Photographers are notorious for letting their lenses do the talking, but Juan David Tena is an exception to the rule. His communication skills led him to a post in the Colombian Consulate-General in Orlando, which allows him rare access to people and events in that Latin American country. What shines through his official side is his humanitarian quest for connection that brings us closer to Colombia’s Indigenous, European and African blend of people.
At the opening reception of his exhibit at the Mills Gallery, Tena provided a narrative for each of his pieces, which range from the majestic to the horrific. As the one-time official photographer to the Presidency, Tena documented President Santos’ 2016 visit to Queen Elizabeth II, capturing Colombia’s flags intermingled with Union Jacks framing a horse guard outside of Buckingham Palace. National pride on display makes an unforgettable memory.
It is Tena’s ability to capture sensitive portraits of individuals and scenes from Colombian village life which demonstrate that this country is anything but ordinary. “Arhuaco Water Teacher,” “Wisdom of the Amazon Chief” and “Vivid Paia Hidden in the Colorscape” are full-figure portraits of indigenous Colombian citizens. The power of these portraits pull one into a sacred and mysterious world far from our scientific North American society.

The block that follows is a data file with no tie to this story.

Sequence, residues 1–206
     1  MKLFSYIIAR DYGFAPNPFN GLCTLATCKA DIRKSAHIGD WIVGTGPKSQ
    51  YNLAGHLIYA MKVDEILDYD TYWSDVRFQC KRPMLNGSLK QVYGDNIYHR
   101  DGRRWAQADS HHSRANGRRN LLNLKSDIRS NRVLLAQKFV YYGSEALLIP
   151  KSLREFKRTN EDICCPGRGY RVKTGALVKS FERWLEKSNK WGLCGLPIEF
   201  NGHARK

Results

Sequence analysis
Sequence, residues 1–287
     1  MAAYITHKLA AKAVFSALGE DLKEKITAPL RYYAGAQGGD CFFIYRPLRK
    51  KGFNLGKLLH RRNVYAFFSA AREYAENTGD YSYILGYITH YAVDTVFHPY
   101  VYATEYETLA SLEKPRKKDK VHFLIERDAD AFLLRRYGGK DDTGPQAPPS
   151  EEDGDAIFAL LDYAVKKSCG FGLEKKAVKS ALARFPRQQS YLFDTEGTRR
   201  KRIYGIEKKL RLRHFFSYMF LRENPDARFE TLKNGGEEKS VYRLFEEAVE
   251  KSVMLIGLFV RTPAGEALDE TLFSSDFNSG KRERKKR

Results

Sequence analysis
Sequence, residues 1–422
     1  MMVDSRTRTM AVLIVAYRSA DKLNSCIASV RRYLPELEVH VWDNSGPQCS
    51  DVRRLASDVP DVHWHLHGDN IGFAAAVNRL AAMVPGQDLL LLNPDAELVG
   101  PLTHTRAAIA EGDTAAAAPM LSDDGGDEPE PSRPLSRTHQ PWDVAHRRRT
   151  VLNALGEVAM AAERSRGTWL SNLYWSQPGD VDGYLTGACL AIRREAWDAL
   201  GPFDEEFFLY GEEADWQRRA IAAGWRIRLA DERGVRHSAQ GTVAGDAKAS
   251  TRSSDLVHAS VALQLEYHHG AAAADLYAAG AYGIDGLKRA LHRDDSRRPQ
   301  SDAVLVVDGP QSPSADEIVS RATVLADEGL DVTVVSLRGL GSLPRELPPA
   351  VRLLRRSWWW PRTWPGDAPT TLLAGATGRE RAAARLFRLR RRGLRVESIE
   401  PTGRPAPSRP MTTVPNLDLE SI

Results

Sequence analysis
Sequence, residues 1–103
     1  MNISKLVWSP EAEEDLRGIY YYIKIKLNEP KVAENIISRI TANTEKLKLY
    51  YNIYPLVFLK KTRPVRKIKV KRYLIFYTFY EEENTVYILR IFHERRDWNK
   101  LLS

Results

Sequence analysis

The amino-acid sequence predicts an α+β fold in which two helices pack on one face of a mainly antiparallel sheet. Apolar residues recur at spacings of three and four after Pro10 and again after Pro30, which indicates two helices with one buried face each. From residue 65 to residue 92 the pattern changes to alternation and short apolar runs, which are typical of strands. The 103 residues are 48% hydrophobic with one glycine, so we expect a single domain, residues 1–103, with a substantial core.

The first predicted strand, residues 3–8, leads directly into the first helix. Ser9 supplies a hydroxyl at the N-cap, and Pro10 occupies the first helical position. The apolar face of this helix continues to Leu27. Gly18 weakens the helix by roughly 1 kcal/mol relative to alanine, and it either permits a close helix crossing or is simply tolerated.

Tena’s documentation of village life has a bite to it. “I’d like to provide additional context,” Tena said in a post-show discussion. Images of people coping with natural disasters show their resilience and spirit, he said, but “this one photograph, ‘Whispers of the Pacific,’ I took in Istmina, Chocó,” a richly diverse village that was formerly a market for enslaved Africans.
This photo shows the survivors of a massacre by a rogue militia, taken some time after the soldiers had slaughtered most of the villagers, decapitated several and played soccer with heads, laughing at the sport of it. Some bounced back — there are children laughing, some jostling on the bleachers — but these are betrayed by the numbness, paralysis and somber expressions of most of the sitters. For those who think that massacres and pogroms are a thing of the past: Think again.
Tena donates a portion of his proceeds to Poca Lana, a foundation that works with children in impoverished Bogotá. Tena’s show is up only briefly in the back of the gallery (through Sept. 30), and is worth a visit for anyone wanting to understand our greater world and connect with a not-so-distant land.
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